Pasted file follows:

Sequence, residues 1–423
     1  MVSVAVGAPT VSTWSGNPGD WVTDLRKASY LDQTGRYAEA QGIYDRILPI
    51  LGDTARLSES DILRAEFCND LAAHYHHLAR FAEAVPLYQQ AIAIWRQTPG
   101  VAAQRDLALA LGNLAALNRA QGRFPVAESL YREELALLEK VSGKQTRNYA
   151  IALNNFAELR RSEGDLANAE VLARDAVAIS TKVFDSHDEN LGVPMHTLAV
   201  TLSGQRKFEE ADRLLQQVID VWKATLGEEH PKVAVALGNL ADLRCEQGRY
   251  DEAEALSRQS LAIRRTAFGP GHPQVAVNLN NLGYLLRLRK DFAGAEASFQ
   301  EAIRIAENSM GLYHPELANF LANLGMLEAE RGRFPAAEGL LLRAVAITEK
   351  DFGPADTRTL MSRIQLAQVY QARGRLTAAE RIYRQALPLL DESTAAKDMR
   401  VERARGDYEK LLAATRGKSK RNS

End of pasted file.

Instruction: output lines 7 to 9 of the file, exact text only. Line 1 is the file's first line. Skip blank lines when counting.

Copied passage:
   251  DEAEALSRQS LAIRRTAFGP GHPQVAVNLN NLGYLLRLRK DFAGAEASFQ
   301  EAIRIAENSM GLYHPELANF LANLGMLEAE RGRFPAAEGL LLRAVAITEK
   351  DFGPADTRTL MSRIQLAQVY QARGRLTAAE RIYRQALPLL DESTAAKDMR